In Bountiful, the RCMP's investigation into underage marriages has raised uncomfortable questions for people like Twyla Quinton, who continues to live in the community despite no longer aligning herself with either Jeffs or Winston Blackmore.

Determined to share her frustration with what's happened to the FLDS, Quinton and her 16-year-old daughter, Bianca, hiked into the mountainside above Bountiful last summer, where someone has sprayed "KEEP SWEET" on a boulder along the trail. It's a shortened version of a popular message in Bountiful, "Keep Sweet No Matter What," which FLDS leaders attempt to ingrain in their followers. The subtext, Quinton said, is that people—particularly women and children—should do what they're told and shut up about it.

Armed with spray paint cans, Quinton and Bianca covered the slogan in white paint. Then, in red, they wrote their own message: "BE AWESOME." It was a striking act of defiance in a community where such acts are exceedingly rare. But while Quinton told VICE that she doesn't support teenage marriages—although hers has been a good one—she also questioned the Canadian government's determination to punish someone for the practice.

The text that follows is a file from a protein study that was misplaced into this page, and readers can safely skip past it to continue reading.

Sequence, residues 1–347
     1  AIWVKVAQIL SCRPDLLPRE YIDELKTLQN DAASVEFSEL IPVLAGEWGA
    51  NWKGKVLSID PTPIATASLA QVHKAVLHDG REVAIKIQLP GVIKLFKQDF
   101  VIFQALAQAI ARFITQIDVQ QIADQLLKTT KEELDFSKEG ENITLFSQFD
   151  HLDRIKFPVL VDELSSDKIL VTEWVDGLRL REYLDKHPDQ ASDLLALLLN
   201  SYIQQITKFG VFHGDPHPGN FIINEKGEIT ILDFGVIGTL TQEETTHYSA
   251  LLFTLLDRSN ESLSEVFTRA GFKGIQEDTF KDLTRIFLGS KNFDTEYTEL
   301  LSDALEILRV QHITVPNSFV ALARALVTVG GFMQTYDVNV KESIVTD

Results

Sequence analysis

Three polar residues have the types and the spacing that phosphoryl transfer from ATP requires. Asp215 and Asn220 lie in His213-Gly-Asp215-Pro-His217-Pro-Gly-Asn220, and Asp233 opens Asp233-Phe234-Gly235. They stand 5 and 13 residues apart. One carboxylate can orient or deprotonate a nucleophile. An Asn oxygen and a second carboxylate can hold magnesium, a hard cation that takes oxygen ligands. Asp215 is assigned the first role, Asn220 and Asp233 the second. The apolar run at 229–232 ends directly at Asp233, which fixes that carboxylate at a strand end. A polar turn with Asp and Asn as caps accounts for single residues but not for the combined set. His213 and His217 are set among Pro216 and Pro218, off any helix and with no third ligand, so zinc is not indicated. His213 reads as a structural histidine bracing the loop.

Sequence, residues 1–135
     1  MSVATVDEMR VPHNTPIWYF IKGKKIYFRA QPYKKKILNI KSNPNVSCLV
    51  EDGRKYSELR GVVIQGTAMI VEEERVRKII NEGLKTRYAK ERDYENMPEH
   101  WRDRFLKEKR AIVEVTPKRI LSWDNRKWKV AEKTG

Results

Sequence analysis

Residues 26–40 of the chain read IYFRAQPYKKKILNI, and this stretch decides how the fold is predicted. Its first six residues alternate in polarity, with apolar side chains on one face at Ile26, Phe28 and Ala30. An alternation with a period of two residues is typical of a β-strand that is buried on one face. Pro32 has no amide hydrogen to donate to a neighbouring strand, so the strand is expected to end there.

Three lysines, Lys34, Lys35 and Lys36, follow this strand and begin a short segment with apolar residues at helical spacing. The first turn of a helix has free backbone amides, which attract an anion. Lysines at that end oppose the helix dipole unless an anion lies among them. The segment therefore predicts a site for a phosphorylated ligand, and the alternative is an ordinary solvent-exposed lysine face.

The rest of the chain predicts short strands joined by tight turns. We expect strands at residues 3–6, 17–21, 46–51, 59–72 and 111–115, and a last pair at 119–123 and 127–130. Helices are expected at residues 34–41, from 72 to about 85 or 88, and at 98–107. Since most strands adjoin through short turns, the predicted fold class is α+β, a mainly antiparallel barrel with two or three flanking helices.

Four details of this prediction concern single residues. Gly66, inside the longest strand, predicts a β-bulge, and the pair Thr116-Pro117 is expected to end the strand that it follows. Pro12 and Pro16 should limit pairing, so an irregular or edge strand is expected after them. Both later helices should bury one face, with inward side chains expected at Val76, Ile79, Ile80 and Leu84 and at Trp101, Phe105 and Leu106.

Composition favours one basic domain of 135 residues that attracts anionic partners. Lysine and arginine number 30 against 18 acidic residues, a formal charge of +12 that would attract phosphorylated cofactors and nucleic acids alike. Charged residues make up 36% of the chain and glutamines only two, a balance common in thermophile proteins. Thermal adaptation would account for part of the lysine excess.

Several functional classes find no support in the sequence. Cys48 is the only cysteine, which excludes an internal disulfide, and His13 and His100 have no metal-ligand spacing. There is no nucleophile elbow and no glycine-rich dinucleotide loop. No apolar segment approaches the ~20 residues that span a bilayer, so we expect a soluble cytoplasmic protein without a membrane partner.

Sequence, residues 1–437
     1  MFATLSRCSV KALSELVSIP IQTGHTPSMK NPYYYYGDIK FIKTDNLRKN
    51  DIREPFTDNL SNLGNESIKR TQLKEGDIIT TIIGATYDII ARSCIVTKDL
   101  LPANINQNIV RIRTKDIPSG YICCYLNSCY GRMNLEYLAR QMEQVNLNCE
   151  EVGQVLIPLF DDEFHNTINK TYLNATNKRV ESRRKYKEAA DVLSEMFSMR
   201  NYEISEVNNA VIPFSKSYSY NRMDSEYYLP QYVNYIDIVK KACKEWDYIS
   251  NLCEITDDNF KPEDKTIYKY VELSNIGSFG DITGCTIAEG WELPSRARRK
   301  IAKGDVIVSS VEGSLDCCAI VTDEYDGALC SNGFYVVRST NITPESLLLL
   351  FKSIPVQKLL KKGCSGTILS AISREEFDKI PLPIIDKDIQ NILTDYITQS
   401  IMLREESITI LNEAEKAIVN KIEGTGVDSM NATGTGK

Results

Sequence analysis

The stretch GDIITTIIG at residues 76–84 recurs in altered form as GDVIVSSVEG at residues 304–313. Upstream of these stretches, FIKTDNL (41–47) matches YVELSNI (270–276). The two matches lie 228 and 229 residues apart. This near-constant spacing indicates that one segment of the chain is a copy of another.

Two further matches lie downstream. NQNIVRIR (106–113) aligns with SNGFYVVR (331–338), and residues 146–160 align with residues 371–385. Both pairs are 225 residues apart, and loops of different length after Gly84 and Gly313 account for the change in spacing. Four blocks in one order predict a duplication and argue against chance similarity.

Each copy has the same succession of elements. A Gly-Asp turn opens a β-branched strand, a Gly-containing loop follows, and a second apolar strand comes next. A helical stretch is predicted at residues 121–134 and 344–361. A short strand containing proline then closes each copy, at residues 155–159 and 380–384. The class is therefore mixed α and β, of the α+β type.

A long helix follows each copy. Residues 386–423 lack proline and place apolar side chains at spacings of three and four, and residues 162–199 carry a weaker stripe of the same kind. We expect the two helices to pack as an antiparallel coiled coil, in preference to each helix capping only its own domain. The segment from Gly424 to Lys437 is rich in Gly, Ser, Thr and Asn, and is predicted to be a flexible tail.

"A little girl getting married is not OK, but whose fault is that?" she told VICE. "If you're going to save a child bride, do it when she's still a child."

Nate Carlisle reports on polygamy for the Salt Lake Tribune. Follow him on Twitter.

Judge to decide dispute over Trout Run records request

By Danielle E. Gaines
August 30, 2016

A judge will decide whether Frederick County government must turn over emails to attorneys representing the Church of Scientology’s real estate arm.

The church has two open court cases against the county relating to its effort to open a group home for drug and alcohol abuse treatment operated by Narconon, a program based on the writings and techniques of L. Ron Hubbard, Scientology’s founder.

Frederick County Circuit Judge Scott Rolle heard arguments Monday in one of the cases, a dispute over a Maryland Public Information Act request.

At issue are 54 county records — emails or parts of emails — dealing with an application from Social Betterment Properties International for a historic designation of Trout Run, a 40-acre Catoctin Mountain fishing camp.

SBPI operates as a nonprofit organization that develops and maintains properties for the church’s social betterment programs. It purchased the land at Trout Run in September 2013.

The property is zoned for resource conservation use, which would prohibit the land’s use as a group home. However, if the county included the property on its Register of Historic Places, Trout Run would qualify for a special exception and Social Betterment could open the center.